Number 9: Trying to do too much and not focusing efforts on mission critical behavior.

Number 8: Having the wrong kind of leaders, or the right kind in the wrong positions.

Number 7: Not providing adequate technology and system support.

Number 6: Not providing a balance of accountability and support.

Number 5: Not providing clear direction—vision, strategy, and expectations.

Number 4: Promoting a culture of employees who are discouraged from learning.

Number 3: Not developing action plans from a business consulting approach.

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2. The Challenge: Transferring Learning to Behavior

Kirkpatrick, Donald Berrett-Koehler Publishers PDF

Chapter 2

The Challenge: Transferring

Learning to Behavior

I (Jim) began working for First Indiana Bank in 1997 after several years as a management and career consultant. My boss is Marni McKinney,

Chairman of First Indiana Bank and CEO of First Indiana Corporation. When I first started, she told me, “Jim, when you plan and conduct training, please make sure that participants find it worthwhile and want to come back for more.”

In 1998 she asked me, “How do you think our training is going? I surely hope people are not only enjoying it, but are learning something!” And in 2000 she said, “You know, our people are spending a lot of time in training. I would really like to know if they are able to apply what they are learning.”

Two years ago (2002), she said, “As you know, we have great responsibility to our shareholders to meet our financial goals for 2003 and beyond. I need to be able to see how training is impacting the bottom line. I don’t want people spending a lot of time away from their jobs in activities that are not directly contributing to positive results.”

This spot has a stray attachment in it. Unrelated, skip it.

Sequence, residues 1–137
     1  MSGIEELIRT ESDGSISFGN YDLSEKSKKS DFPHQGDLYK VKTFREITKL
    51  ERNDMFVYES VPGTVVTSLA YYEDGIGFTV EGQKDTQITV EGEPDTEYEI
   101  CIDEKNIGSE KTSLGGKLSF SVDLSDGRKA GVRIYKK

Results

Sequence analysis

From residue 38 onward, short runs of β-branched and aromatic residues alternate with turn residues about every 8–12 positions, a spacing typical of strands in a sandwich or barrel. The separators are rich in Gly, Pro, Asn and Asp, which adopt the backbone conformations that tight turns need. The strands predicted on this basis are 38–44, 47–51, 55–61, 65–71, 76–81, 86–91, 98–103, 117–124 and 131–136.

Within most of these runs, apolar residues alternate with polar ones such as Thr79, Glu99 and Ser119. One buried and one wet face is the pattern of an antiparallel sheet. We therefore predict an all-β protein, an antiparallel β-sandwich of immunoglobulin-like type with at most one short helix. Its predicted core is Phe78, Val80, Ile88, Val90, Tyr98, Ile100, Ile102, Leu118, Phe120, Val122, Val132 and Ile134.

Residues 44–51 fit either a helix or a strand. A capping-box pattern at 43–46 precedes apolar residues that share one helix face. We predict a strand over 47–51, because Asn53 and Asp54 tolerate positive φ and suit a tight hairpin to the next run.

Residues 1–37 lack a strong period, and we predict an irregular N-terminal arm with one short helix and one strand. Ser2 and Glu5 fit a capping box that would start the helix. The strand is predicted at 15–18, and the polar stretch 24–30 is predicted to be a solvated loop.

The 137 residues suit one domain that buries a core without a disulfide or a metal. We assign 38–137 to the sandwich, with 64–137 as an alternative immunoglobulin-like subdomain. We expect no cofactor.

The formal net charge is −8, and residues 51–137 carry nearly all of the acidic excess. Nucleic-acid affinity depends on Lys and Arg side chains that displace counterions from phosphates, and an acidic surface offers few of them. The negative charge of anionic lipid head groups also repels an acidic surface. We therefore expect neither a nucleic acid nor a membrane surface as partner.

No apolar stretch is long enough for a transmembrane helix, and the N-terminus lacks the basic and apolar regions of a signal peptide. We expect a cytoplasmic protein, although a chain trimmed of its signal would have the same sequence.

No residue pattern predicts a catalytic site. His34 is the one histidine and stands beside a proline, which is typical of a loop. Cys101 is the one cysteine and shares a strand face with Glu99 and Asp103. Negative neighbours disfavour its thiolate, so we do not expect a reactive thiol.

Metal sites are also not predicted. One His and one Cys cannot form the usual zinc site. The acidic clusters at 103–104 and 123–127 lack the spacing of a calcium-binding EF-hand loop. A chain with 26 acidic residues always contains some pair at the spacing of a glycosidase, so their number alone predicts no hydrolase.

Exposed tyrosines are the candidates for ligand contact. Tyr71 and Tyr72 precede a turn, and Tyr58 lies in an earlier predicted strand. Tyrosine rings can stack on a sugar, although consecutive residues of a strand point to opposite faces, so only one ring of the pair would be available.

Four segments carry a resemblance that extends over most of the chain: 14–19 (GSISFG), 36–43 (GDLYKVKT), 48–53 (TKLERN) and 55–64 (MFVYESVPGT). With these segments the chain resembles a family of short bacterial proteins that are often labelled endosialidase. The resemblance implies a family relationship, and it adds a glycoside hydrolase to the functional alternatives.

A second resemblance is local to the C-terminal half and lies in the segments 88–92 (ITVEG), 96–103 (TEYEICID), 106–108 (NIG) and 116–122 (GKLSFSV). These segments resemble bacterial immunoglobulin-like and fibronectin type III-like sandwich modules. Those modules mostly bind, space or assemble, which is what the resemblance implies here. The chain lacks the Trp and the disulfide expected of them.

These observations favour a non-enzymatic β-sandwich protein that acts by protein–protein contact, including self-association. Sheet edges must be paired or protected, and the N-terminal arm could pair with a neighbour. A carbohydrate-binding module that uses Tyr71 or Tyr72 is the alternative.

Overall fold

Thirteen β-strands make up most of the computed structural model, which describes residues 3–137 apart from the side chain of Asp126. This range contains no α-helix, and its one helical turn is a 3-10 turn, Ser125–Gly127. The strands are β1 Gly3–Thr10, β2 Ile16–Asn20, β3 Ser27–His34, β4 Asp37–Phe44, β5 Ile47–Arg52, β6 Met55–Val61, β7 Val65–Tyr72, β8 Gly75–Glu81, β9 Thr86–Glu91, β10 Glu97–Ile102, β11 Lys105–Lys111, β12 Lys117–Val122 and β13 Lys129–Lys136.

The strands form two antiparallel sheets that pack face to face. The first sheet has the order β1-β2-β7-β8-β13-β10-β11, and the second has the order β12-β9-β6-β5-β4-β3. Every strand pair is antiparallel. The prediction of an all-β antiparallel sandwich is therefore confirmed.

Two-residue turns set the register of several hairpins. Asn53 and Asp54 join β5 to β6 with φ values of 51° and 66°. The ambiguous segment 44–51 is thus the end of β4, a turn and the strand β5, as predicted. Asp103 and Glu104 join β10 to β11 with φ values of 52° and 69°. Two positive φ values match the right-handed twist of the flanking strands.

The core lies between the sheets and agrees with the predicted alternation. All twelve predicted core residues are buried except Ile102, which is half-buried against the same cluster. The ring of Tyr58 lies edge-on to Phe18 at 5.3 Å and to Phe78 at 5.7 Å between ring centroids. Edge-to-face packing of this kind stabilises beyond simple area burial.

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2. Reasons for Evaluating

Kirkpatrick, Donald Berrett-Koehler Publishers PDF

Chapter 2

Reasons for Evaluating

t a national conference of the National Society for Sales Training

Executives (NSSTE), J. P. Huller of Hobart Corporation presented a paper on “evaluation.” In the introduction, he says,“All managers, not just those of us in training, are concerned with their own and their department’s credibility. I want to be accepted by my company. I want to be trusted by my company. I want to be respected by my company. I want my company and my fellow managers to say,‘We need you.’”

“When you are accepted, trusted, respected, and needed, lots and lots of wonderful things happen:


Your budget requests are granted.

You keep your job. (You might even be promoted.)

Your staff keep their jobs.

The quality of your work improves.

Senior management listens to your advice.

You’re given more control.

“You sleep better, worry less, enjoy life more. . . . In short, it makes you happy.”

“Wonderful! But just how do we become accepted, trusted, respected, and needed? We do so by proving that we deserve to be accepted, trusted, respected, and needed. We do so by evaluating and reporting upon the worth of our training.”